09 September 2005

Strong Australian economy blamed for skills shortage

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Despite warnings last month from the Reserve Bank of Australia (RBA) of a tightening labour market, the Australian economy created 32,600 new jobs in August.

Australia's The country’s jobless rate held steady at a near 30-year low of 5.0 percent.

The announcement on 8 September of the 12th straight month of job gains stunned economists, who had assumed the hiring would have to end at some stage and predicted a 7,500 decline.

The impressive performance came hot on the heels of figures on showing the Australian economy grew 1.3 percent in the second quarter, the best showing since late 2003.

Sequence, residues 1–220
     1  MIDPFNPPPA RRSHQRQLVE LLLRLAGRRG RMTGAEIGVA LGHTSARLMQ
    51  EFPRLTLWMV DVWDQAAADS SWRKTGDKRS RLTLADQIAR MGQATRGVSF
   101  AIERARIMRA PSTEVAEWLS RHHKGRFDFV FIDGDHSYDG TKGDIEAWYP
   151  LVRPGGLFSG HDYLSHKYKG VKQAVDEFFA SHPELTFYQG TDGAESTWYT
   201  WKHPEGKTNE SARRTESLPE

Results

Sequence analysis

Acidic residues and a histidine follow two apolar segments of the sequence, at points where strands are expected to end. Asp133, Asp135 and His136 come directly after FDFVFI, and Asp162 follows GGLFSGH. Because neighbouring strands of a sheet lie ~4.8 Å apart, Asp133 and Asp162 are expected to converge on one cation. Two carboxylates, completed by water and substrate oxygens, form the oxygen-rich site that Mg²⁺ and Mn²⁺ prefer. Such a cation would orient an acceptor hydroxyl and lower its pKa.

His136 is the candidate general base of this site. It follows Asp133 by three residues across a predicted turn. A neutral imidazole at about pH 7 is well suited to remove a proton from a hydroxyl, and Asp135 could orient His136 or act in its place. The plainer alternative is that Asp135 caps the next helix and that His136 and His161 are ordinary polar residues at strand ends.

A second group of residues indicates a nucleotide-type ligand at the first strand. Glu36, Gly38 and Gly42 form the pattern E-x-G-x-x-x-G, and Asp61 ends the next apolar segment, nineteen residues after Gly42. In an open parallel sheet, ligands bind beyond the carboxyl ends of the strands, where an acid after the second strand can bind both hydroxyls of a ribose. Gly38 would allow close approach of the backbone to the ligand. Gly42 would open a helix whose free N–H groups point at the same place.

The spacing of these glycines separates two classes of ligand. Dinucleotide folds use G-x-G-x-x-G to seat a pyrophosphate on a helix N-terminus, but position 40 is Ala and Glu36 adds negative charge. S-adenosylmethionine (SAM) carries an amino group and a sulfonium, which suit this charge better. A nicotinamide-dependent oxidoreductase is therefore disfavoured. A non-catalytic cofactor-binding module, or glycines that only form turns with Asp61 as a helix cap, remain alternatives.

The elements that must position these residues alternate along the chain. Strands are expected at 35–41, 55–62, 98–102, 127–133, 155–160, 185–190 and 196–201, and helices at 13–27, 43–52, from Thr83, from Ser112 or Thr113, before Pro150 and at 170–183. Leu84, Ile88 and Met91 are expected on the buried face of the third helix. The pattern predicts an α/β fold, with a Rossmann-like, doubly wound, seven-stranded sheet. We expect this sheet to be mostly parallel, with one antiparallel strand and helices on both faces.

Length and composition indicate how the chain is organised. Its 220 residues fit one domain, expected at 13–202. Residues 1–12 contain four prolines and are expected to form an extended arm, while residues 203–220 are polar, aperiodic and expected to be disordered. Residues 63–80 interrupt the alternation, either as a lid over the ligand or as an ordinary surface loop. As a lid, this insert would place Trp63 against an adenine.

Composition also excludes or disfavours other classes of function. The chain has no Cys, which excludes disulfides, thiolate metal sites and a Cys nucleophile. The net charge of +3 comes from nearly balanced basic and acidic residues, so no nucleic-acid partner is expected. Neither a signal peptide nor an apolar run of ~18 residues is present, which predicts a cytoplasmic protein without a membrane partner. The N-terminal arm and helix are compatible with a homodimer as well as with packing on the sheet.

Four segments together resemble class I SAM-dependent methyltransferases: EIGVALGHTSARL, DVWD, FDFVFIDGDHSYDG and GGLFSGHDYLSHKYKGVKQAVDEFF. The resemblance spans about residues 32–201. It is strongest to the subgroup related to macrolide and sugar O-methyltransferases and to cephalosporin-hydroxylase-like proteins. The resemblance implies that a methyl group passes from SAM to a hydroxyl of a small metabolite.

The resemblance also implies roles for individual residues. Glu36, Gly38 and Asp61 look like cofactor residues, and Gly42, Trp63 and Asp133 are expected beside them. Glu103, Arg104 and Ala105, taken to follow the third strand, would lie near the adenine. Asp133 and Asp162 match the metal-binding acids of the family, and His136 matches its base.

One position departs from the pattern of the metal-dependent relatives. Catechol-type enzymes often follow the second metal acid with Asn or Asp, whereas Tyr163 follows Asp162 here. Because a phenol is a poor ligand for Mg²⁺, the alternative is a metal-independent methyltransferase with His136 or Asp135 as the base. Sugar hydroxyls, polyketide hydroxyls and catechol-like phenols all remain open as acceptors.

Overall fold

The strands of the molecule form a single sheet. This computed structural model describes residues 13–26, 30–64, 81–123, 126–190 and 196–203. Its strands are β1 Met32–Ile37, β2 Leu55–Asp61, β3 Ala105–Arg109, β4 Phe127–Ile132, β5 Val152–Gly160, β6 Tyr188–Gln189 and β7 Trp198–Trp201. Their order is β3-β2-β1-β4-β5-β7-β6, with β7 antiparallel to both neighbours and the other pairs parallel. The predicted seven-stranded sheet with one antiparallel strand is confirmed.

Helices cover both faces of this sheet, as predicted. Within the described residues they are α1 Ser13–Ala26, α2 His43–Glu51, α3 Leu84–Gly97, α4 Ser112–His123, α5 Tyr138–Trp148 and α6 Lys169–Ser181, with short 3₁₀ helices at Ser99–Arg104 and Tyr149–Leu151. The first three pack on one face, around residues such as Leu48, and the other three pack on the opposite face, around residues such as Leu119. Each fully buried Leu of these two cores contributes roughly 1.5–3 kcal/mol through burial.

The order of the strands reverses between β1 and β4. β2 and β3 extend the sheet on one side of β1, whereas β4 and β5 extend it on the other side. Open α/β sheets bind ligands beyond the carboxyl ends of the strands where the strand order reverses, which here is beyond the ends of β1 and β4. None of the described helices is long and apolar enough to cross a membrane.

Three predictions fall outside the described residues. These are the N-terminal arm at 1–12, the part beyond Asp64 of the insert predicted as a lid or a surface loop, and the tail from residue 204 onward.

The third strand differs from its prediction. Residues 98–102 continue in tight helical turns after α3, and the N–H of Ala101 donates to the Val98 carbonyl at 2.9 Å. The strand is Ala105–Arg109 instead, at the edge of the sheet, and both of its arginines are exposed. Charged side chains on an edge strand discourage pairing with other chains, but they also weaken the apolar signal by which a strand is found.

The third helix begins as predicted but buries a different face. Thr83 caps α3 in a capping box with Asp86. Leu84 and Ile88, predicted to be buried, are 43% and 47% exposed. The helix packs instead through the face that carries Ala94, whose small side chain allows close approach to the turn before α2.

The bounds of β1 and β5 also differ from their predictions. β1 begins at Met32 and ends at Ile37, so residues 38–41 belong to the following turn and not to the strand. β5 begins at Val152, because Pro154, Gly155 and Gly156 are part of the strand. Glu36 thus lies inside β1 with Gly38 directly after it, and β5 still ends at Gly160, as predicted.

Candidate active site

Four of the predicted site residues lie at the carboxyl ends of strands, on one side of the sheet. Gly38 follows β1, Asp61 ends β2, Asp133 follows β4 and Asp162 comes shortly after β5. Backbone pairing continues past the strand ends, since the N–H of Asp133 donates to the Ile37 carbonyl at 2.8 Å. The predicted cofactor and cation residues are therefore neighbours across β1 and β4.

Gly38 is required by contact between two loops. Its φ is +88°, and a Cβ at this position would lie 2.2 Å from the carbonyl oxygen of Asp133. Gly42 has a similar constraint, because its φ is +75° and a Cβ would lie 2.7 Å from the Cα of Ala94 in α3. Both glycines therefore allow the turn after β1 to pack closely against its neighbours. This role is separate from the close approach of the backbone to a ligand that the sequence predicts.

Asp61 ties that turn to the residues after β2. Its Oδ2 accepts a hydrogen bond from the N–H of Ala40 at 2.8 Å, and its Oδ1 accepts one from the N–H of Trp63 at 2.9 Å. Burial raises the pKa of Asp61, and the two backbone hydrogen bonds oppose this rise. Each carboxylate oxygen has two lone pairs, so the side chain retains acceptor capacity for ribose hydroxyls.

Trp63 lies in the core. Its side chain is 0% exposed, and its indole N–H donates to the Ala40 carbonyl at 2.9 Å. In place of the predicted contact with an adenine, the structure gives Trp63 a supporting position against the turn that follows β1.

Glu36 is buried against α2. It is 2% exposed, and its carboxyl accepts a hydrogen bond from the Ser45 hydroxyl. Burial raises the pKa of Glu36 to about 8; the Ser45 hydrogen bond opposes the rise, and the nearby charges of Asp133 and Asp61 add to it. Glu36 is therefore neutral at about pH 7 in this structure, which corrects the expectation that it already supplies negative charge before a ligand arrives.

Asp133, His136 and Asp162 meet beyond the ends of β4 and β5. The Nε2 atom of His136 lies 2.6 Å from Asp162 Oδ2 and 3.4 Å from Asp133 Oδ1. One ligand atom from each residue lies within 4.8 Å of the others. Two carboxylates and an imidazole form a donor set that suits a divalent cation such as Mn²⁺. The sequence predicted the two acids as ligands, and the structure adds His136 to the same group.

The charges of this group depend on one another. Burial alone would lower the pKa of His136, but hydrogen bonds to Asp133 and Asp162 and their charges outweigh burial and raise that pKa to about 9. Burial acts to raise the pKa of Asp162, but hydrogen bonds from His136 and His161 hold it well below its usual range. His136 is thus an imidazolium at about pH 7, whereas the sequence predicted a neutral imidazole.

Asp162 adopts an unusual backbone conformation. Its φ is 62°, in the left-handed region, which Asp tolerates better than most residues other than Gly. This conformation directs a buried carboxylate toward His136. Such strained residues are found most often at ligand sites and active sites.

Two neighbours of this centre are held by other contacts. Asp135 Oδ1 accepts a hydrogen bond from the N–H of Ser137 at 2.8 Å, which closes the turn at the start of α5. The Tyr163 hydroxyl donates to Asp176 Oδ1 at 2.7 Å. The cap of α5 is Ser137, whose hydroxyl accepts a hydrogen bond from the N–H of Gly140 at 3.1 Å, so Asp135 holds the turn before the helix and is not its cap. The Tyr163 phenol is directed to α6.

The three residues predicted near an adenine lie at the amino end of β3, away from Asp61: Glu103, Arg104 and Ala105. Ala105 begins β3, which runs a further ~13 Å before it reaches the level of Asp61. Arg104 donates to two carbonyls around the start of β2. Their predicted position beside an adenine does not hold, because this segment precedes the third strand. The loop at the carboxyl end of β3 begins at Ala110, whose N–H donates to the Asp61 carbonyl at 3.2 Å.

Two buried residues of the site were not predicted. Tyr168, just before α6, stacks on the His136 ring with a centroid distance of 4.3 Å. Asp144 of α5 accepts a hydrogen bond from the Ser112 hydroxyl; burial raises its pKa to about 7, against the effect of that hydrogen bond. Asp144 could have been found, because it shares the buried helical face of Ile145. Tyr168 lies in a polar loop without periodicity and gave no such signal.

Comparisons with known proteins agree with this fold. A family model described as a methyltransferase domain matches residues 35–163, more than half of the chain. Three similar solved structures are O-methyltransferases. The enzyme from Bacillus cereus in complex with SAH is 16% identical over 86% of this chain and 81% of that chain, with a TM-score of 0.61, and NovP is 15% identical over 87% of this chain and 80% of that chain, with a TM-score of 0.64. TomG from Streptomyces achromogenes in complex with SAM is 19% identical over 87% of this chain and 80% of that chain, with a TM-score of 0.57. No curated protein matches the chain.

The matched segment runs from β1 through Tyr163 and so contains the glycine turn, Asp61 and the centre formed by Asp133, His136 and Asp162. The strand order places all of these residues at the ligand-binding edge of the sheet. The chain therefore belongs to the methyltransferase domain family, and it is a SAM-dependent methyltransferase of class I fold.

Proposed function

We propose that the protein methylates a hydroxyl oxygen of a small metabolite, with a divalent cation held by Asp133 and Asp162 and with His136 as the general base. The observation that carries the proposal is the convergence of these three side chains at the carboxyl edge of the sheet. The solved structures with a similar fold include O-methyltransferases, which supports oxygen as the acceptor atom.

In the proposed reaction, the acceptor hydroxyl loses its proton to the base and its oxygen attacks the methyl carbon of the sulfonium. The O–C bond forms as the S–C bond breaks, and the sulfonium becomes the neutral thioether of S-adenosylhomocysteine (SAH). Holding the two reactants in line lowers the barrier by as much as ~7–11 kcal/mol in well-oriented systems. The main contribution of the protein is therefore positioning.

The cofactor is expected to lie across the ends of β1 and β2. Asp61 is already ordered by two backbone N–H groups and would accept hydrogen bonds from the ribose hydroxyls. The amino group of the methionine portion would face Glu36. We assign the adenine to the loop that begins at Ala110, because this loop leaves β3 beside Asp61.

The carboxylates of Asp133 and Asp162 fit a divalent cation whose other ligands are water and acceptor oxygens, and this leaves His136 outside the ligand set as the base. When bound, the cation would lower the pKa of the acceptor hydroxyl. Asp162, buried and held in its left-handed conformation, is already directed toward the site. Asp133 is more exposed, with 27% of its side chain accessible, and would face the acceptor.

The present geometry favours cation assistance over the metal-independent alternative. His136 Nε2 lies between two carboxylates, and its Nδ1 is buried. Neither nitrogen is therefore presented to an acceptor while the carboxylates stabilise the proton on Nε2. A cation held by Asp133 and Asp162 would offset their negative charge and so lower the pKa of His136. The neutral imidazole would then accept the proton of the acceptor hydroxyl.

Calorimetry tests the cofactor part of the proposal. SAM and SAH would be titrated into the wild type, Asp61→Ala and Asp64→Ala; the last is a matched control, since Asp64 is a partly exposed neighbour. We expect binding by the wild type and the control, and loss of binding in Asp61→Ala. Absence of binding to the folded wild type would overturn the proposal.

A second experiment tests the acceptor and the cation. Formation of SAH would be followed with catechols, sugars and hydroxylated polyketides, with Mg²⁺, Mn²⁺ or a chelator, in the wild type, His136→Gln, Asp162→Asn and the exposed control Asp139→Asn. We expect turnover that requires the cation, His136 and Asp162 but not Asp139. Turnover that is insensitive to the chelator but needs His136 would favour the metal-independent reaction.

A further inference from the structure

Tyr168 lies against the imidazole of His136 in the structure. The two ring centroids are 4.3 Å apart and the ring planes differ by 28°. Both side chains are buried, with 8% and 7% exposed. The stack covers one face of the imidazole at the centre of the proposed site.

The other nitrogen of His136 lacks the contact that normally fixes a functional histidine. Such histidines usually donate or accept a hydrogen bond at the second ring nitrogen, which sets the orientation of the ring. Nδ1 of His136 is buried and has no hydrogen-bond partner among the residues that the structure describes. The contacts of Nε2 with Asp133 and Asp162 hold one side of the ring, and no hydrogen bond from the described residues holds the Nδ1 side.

With August's gain, the economy has now created a net 403,200 jobs, a furious pace for a country with a labour force of 10.6 million. The equivalent in the United States would be a payrolls rise of well above 5 million.

That has led companies to grumble about being unable to find suitable skilled workers, particularly in the booming mining and construction sector where wage rises have been far above the average.

Analysts had thought the economy might simply exhaust its pool of suitable labour.

Yet the proportion of the adult population in work has risen beyond all expectations to hit a record high of 64.8 percent in August. The government has relaxed its immigration rules and even gone so far as to run road shows in Europe touting for skilled workers to come and live Down Under.

With files from Reuters

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